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This looks very much like NULLs in the SQL world.

A null (and NaN) is like an unknown. One can't compare unknowns because they are exactly that, unknown.

Let's construct a language that on division on zero returns unknowns.

   a =  5 / 0;
   b = 10 / 0;
Now, both a and b are set to unknown state. If one were to compare a to b, should the expectation be that they hold same value?

I wish all languages would have nullability like SQL does. Where a great care has to be given to deal with nullable data, lest nulls nullify everything.

In some languages, a, b would be +Infinity. On top of my head I can't remember whether +Infity != +Infinity (have to write a test and see). For NaN's definitely.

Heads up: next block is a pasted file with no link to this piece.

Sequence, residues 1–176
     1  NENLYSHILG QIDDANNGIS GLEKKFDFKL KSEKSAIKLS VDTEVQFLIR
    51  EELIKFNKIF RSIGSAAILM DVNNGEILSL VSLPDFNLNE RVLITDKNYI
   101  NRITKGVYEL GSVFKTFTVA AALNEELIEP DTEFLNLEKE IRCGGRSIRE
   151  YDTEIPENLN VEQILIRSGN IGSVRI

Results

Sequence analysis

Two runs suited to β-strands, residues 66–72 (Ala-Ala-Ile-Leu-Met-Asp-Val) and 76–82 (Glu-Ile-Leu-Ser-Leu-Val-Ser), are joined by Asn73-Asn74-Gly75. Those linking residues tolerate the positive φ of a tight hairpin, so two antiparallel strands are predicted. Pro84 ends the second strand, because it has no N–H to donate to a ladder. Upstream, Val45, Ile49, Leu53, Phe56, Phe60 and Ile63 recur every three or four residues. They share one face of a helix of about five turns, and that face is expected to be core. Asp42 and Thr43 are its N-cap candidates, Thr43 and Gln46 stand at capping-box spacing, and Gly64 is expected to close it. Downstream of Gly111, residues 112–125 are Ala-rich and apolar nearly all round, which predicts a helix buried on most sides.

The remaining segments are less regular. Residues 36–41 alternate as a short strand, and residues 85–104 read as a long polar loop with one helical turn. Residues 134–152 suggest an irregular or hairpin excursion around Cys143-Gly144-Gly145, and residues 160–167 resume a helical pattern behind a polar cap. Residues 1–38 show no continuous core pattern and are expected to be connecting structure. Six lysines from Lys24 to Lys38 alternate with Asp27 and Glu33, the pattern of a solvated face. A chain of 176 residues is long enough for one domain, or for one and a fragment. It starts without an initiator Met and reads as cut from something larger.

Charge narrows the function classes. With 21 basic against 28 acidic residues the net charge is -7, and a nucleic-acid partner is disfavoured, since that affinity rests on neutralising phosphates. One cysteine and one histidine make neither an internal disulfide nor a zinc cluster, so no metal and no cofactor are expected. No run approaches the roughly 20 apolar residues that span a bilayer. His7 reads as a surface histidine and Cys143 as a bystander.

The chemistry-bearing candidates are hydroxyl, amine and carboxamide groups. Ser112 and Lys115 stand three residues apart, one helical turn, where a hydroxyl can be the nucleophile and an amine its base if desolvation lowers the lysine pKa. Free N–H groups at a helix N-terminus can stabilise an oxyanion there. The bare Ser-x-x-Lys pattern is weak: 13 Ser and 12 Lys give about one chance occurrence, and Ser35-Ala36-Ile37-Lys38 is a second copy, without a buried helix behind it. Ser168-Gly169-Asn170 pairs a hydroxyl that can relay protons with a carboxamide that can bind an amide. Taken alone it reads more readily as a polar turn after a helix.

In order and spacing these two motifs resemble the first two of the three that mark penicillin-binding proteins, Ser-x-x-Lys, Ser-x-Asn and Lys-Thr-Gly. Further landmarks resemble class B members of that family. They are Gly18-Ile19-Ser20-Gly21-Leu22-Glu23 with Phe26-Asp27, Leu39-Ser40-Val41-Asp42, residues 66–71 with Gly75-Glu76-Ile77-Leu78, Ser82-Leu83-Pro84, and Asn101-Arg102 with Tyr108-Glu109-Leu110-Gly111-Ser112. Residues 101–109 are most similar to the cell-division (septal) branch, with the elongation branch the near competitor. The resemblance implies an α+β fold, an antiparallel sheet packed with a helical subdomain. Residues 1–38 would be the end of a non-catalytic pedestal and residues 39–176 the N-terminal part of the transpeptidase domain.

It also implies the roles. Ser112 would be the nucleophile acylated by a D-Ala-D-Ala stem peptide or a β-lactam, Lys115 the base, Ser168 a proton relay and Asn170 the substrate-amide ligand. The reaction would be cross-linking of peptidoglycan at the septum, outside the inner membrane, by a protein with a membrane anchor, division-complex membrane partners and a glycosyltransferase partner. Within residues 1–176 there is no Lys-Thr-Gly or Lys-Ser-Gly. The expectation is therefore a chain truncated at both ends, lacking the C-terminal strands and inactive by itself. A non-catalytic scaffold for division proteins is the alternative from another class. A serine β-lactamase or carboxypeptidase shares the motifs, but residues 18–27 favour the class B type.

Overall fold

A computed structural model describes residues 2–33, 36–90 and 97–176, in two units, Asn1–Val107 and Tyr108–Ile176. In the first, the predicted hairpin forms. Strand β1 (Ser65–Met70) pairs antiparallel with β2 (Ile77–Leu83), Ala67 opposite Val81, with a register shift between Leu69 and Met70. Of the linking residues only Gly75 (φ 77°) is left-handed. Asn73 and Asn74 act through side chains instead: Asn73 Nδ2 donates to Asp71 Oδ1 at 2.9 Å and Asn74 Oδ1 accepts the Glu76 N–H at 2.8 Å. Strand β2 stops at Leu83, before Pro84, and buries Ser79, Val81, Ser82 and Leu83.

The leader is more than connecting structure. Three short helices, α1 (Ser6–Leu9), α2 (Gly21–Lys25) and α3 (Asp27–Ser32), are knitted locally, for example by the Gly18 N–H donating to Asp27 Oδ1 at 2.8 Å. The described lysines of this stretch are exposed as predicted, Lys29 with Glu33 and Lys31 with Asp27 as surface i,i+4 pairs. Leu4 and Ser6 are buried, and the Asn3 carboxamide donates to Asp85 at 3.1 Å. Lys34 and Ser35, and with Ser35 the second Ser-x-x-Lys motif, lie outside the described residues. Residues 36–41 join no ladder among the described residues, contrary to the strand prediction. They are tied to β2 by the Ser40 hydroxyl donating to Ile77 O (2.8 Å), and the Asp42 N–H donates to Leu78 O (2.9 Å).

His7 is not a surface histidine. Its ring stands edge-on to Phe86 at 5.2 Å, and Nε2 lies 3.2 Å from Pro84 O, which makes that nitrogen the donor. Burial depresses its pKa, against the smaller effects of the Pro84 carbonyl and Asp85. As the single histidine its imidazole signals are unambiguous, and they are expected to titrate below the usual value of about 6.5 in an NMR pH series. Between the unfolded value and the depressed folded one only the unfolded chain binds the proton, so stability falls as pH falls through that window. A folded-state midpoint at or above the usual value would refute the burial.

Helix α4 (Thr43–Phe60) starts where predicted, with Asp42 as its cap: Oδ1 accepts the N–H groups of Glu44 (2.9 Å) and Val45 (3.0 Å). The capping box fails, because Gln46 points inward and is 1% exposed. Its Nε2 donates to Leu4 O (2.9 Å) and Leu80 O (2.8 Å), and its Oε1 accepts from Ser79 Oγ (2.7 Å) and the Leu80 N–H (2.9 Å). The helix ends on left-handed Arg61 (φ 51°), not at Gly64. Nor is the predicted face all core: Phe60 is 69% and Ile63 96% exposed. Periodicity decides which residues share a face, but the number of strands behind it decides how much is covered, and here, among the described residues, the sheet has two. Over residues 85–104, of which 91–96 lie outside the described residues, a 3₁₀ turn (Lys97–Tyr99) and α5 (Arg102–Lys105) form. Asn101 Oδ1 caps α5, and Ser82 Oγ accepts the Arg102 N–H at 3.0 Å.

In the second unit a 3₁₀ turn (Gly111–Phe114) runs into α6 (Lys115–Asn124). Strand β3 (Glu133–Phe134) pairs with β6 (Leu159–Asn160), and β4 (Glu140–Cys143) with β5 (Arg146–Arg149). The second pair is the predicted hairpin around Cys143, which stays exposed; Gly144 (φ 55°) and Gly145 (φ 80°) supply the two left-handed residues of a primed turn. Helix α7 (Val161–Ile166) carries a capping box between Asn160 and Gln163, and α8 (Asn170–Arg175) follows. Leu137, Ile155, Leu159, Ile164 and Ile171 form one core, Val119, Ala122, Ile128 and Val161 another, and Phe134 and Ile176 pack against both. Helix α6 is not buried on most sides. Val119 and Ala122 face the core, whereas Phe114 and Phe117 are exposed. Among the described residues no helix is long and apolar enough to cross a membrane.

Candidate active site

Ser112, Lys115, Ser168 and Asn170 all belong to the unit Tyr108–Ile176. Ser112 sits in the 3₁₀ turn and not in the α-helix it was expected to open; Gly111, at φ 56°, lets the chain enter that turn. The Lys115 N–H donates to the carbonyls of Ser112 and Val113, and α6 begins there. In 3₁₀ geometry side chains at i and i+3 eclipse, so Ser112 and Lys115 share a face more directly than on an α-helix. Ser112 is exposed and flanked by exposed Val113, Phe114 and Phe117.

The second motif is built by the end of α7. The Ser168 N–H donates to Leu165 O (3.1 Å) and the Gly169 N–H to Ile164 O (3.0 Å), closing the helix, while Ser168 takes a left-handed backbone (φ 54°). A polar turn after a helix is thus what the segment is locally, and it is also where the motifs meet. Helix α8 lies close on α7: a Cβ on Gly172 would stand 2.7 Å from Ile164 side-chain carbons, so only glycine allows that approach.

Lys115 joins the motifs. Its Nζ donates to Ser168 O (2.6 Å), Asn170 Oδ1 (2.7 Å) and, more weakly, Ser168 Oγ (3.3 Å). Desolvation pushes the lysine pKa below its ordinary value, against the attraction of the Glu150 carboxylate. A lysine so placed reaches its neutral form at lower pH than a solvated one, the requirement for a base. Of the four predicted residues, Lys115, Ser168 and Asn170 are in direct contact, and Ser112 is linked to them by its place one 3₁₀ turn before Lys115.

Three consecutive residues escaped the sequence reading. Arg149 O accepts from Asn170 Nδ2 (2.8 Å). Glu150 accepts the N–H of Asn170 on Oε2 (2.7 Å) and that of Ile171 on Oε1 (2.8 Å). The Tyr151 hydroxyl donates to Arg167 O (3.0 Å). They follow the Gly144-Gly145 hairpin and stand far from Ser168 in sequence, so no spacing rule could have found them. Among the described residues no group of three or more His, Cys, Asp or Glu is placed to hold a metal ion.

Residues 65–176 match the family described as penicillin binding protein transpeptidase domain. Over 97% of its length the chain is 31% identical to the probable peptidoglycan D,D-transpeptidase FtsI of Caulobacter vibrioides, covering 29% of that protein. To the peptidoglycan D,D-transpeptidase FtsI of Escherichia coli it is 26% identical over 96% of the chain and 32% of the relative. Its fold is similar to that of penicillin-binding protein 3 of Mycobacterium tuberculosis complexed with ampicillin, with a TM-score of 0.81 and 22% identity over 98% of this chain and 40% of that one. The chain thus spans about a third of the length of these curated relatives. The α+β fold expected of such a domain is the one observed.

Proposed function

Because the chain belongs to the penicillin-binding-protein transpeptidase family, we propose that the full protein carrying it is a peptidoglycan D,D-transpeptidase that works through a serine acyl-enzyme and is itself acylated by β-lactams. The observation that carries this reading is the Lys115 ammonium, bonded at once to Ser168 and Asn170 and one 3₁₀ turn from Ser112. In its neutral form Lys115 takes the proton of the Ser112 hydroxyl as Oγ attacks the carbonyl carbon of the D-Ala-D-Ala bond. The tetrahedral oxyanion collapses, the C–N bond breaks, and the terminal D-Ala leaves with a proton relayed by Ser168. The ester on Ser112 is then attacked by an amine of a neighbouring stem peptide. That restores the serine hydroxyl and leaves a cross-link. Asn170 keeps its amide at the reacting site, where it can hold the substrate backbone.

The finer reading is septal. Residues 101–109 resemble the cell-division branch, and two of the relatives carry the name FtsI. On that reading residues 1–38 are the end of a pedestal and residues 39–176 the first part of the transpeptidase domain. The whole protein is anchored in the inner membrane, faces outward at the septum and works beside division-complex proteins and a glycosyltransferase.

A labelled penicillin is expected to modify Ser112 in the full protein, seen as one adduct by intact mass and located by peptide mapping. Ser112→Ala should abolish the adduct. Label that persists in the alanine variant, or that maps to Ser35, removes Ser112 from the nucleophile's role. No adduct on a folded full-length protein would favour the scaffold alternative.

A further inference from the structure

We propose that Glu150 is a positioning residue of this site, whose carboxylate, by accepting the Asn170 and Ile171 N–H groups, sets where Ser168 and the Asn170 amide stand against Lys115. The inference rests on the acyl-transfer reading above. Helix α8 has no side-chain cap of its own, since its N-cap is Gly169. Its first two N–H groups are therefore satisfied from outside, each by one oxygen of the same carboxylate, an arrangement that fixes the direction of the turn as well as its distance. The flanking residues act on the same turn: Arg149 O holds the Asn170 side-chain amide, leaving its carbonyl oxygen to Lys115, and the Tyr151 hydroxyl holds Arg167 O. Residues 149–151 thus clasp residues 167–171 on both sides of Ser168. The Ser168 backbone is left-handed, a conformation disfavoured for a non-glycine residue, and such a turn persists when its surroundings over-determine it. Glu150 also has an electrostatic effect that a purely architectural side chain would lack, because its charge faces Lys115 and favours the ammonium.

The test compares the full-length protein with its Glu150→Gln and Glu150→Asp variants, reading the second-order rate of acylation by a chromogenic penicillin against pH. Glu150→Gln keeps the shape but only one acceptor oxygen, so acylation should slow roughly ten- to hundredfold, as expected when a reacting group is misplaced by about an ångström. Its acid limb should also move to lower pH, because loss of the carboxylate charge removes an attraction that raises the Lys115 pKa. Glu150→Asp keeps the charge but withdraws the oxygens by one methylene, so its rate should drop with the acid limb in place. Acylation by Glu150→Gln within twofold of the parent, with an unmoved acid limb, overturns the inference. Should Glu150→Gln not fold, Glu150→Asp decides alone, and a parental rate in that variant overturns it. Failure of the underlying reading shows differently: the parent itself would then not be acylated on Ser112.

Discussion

One of those languages is JavaScript, so--assuming your browser supports JavaScript--you do have somewhere to test it :P.

The answer is that 5 / 0 is Infinity and (5 / 0) == (5 / 0), so it's all good :). Now, 0 / 0 is NaN and (0 / 0) != (0 / 0).

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